Case Western Reserve University scientists have developed a new machine learning program that looks like it may be able to diagnose Alzheimer's disease before symptoms begin to interfere with day-to-day activities.
While there is no cure for Alzheimer’s, a number of drugs can delay or prevent symptoms from worsening for up to five years or more, Early diagnosis and treatment—the goal of the new computer-based program—is key to allowing those with the disease to remain independent longer, according to the researchers.
The computer program integrates a range of Alzheimer's disease indicators, including mild cognitive impairment. In two successive stages, the algorithm selects the most pertinent to predict who has Alzheimer's.
The team published its study (“Cascaded Multi-view Canonical Correlation (CaMCCo) for Early Diagnosis of Alzheimer’s Disease via Fusion of Clinical, Imaging and Omic Features”) in Scientific Reports.
“The introduction of mild cognitive impairment (MCI) as a diagnostic category adds to the challenges of diagnosing Alzheimer’s Disease (AD). No single marker has been proven to accurately categorize patients into their respective diagnostic groups,” write the investigators.
“In this work, we present a combined framework, cascaded multiview canonical correlation (CaMCCo), for fusion and cascaded classification that incorporates all diagnostic categories and optimizes classification by selectively combining a subset of modalities at each level of the cascade.”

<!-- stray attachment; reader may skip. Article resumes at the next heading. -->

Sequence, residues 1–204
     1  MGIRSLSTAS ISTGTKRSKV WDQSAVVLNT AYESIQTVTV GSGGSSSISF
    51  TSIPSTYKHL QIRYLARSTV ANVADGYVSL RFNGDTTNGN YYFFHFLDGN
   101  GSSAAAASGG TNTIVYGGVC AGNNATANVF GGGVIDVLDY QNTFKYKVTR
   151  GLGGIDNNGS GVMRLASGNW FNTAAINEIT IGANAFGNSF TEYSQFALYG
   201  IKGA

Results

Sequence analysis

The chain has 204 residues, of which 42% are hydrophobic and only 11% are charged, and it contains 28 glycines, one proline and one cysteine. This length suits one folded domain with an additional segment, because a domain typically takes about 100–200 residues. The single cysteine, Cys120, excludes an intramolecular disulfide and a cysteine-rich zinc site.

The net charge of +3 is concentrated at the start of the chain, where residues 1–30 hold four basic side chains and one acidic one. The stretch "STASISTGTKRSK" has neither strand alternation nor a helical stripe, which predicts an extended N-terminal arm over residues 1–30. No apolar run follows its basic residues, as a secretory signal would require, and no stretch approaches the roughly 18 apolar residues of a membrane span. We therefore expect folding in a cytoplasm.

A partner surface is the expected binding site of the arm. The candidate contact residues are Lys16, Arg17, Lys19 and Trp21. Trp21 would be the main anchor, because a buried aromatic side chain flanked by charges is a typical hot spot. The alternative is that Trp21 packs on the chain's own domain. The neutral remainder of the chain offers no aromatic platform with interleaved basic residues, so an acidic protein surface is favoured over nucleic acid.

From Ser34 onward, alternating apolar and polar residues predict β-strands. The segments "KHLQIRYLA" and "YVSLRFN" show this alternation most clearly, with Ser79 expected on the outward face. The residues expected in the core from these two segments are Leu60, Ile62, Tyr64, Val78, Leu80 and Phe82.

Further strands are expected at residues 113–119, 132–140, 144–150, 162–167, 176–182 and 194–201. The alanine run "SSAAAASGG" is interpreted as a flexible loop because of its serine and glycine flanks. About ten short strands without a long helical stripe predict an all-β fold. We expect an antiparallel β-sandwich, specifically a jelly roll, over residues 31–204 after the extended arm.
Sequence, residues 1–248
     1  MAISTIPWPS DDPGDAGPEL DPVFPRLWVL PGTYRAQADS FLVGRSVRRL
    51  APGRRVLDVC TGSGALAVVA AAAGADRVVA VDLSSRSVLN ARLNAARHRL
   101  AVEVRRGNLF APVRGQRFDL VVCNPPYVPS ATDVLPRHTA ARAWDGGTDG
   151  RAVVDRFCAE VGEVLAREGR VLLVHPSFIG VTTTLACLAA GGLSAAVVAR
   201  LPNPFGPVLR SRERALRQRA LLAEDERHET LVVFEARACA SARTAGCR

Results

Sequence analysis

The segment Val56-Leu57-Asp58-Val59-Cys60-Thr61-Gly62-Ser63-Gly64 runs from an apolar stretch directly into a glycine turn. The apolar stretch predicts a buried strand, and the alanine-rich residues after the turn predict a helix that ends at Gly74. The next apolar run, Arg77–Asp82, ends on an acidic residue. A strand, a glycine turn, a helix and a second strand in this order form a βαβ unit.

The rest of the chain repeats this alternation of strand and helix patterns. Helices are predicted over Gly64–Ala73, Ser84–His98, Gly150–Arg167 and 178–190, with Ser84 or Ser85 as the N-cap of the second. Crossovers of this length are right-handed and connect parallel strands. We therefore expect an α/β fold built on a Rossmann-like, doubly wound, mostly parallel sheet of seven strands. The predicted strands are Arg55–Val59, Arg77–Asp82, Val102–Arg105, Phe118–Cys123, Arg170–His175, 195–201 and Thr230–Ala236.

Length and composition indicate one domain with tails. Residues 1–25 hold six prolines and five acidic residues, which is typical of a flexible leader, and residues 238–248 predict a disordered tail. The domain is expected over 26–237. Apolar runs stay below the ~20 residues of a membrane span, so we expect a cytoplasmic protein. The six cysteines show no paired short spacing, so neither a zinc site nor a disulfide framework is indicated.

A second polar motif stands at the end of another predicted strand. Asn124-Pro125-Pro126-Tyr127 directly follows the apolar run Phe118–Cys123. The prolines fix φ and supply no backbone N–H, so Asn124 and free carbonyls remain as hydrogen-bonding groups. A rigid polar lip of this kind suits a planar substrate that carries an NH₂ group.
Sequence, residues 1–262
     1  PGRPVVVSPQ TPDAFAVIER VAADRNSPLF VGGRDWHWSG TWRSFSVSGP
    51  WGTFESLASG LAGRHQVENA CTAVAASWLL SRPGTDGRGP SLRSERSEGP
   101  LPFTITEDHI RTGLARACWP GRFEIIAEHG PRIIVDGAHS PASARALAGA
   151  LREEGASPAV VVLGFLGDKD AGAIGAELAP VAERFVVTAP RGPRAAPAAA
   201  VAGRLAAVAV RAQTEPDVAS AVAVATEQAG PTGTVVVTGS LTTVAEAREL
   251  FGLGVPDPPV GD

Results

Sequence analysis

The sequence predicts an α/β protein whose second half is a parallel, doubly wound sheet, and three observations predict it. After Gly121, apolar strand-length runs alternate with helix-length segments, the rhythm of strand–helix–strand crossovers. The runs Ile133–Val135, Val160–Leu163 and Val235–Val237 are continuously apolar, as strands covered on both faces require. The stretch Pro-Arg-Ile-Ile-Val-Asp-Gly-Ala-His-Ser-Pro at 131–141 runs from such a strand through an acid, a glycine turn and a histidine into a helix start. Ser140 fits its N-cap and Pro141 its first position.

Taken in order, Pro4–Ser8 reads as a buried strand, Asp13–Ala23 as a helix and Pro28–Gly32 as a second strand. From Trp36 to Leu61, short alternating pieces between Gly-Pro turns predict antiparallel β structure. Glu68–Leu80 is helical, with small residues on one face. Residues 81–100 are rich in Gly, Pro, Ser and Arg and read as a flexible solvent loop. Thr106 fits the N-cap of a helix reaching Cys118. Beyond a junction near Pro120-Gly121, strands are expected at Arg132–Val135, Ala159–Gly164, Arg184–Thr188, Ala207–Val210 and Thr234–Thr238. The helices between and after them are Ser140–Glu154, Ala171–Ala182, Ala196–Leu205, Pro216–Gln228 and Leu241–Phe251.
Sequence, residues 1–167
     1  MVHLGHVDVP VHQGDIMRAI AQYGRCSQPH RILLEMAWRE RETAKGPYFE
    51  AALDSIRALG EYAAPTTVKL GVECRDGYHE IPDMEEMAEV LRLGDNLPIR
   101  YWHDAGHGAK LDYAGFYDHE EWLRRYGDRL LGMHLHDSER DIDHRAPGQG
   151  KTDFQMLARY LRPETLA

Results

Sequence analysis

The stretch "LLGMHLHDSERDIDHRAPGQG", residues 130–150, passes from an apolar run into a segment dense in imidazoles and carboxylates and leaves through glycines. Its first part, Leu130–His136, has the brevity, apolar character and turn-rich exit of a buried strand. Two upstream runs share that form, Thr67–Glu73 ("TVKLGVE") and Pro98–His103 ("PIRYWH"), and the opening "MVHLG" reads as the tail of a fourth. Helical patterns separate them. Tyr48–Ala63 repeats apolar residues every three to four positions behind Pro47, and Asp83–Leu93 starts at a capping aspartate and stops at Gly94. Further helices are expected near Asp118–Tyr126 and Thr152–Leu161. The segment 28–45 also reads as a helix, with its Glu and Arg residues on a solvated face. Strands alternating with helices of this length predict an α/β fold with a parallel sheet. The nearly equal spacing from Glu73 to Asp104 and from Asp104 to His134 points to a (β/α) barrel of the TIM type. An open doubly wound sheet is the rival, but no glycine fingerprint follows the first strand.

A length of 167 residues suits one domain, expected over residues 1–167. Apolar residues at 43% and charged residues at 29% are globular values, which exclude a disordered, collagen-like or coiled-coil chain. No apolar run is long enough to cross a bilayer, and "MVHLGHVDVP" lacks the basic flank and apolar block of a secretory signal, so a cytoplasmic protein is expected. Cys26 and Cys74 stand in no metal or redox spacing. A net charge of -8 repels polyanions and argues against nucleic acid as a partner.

“Many papers compare the healthy to those with the disease, but there's a continuum,” said Anant Madabhushi, Ph.D., F. Alex Nason professor II of biomedical engineering at Case Western Reserve. “We deliberately included mild cognitive impairment, which can be a precursor to Alzheimers, but not always.”
The scientists tested the algorithm using data from 149 patients collected via the Alzheimer's Disease Neuroimaging Initiative. The CaMCCo integrates measurements from magnetic resonance imaging scans, features of the hippocampus, glucose metabolism rates in the brain, proteomics, genomics, mild cognitive impairment, and other parameters.
Dr. Madabhushi's lab has repeatedly found that integrating dissimilar information is valuable for identifying cancers. This is the first time he and his team have done so for diagnosis and characterization of Alzheimer's disease.
“The algorithm assumes each parameter provides a different view of the disease, as if each were a different set of colored spectacles,” explained Dr. Madabhushi.
The program then assesses the variables in a two-stage cascade. First, the algorithm selects the parameters that best distinguish between someone who's healthy and someone who's not. Second, the algorithm selects from the unhealthy variables those that best distinguish who has mild cognitive impairment and who has Alzheimer's disease.
“The remaining views are combined to give the best picture,” according to Dr. Madabhushi.
In predicting which patients in the study had Alzheimer's disease, CaMCCo reportedly outperformed individual indicators as well as methods that combine them all without selective assessment. It also was better at predicting who had mild cognitive impairment than other methods that combine multiple indicators.
The researchers say they will fine-tune their technique with data from multiple sites. They also plan to use the software in an observational mode. Thus, as a collaborating neurologist compiles tests on patients, the computer would run the data.
If CaMCCo proves useful in predicting early Alzheimer's, Dr. Madabhushi expects to pursue a clinical trial for prospective validation.